Trump’s plan to remove merit from the merit system


President TrumpDonald Trump’s Red Queen Justice Biden: How He Destroyed Both Investigation and Border Officer Reputation Trump Asks Judge To Force Twitter To Lift Ban Trump Teases Schumer About Occasional Ocasio Challenge Cortez MORE considered dismissing Antoine FauciAnthony FauciFauci: Merck Pill Results to Treat COVID-19 ‘Impressive’ Watch Live: White House COVID-19 Response Team Hold Media Availability, director of the National Institute of Allergies and Infectious Diseases. Fortunately, he can’t do it. Fauci is a career civil servant and therefore cannot be dismissed without cause. But Trump just signed an executive order that would allow him to fire Fauci and tens of thousands of other federal employees. If implemented, it represents the end of the American system of a politically neutral, merit-based public service, a critical pillar of American democracy and power over the past century.

With around 4,000 political appointments today, the US federal government is already an outlier in terms of political control of the bureaucracy. Trump’s plan could lead to a tenfold increase, creating an entirely different system transforming any federal official with a role in policymaking into a new class of political people at will. The vague nature of the “policy making” classification means that it can easily accommodate lower level officials who help with budget preparation or perform routine policy analysis.

The federal government has its problems, like any large organization. Many of these problems arise from the fact that public organizations have multiple bosses – Congress, the President, and the courts – who may disagree on the mission of the latter. We call on federal bureaucrats to balance these imperatives – to respond to presidential policies while remaining true to the law. Investing near absolute power in a president is a recipe for politicization, corruption and a return to the spoils system. Civil servants will be forced to become yes-men.

I have written about civil service reform and public sector performance, and agree with what other advocates of good government have argued for decades: a simple and effective way to improve government performance. government would reduce the number of political appointments. The best evidence we have is that these appointees make performance worse, especially when they lack relevant experience. Trump’s plan goes exactly in the opposite direction.

The performance of the Trump administration itself offers the best argument against its plans to politicize the public service. A president who refuses to listen to advice, and asserts the innate superiority of his own opinions over scientific expertise. Unqualified political appointments. Career officials who have been the subject of reprisals if they are suspected of disloyalty, which often means little more than providing unbiased political analysis. Trump removed inspectors general he saw as disloyal, undermining a primary basis of executive accountability.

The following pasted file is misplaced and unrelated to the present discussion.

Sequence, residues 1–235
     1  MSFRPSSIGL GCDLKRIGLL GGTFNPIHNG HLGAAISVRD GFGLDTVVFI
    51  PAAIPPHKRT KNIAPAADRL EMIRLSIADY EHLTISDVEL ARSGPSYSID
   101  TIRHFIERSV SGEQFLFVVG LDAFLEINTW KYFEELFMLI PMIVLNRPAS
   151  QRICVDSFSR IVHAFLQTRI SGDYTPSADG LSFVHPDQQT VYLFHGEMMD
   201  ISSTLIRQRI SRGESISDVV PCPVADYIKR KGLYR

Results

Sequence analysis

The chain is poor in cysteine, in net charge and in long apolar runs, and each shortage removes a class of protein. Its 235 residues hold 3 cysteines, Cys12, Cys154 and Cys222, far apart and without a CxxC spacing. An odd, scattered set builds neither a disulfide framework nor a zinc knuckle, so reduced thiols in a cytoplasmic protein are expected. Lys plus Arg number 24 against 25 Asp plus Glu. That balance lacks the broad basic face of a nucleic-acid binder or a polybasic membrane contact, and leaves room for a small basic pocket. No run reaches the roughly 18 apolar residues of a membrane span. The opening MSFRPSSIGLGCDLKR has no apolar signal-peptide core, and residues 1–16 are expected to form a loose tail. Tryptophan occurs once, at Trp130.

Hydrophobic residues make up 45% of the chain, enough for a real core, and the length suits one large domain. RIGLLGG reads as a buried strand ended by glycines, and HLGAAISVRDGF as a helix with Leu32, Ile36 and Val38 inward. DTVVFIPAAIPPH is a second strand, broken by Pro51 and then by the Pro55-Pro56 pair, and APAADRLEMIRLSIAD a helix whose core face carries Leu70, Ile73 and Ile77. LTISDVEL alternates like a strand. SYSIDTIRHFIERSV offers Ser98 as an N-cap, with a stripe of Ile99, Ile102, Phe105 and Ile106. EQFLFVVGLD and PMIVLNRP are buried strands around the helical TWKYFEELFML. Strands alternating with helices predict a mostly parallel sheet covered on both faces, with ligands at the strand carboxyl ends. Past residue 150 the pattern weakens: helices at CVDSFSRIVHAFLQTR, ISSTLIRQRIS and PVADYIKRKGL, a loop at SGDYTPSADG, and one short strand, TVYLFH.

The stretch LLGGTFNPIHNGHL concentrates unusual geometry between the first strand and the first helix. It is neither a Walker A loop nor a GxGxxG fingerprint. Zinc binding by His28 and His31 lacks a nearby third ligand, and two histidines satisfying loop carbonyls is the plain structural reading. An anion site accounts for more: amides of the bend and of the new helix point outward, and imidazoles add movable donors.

Indeed, the main failures of the Trump administration stem in large part from its dismissal of career officials. Trump would have avoided impeachment if he had listened to career officials who warned him about the illegality of withholding public funds from Ukraine. Our COVID response would have been much better if Trump had listened to federal scientists and public health officials. Instead, the Trump appointees sought to undermine and guess at them, demanding to review and edit scientific papers. Career managers will be much less likely to speak the truth to power if it costs them their job.

Just as disturbing as the plan itself is the extraordinary expansion of presidential power it represents. Trump is making the most significant change to the management of our public service system since its inception by executive order and without public participation. He says, unlike 140 years of federal personnel policy, that he can simply ignore Congress and appoint himself as sole arbiter of the federal personnel system.

Where does this breathtaking takeover come from? The same unitary executive theory that grants the president complete dominance over the executive branch, and has been used to justify secret torture sites and the re-appropriation of Congressional funds for Trump’s border wall. This dangerous and emerging interpretation is that Article II of the Constitution gives the president the right to fire whoever he wants. The new executive order appears designed to attract legal challenge, with the hope that a conservative Supreme Court will agree to this radical deconstruction of public service institutions.

The origins of Trump’s plan reveal its purpose: It was presented to the Home Policy Council in 2017 as a “Constitutional option“Conforms to” an originalist interpretation “. But this was only continued after the impeachment, a time when Trump targeted federal officials who had spoken. Trump has reorganized his presidential appointments office telling them to find and root out the disloyal ones. Trump has appointed the acting head of the federal personnel system to someone who has said the origins of the civil service system are unconstitutional.

Americans are so used to a competent, non-partisan public service that we take it for granted and are prone to complain about it. The Trump years reaffirmed the value of this institution. Some of the most revealing moments over the past four years have come when officials spoke up, reminding us that their oath is to serve the Constitution, not a single President. If Trump is re-elected, these servants of the constitution will be shown the door.

Moynihan is a professor at the McCourt School of Public Policy at Georgetown University. @donmoyn

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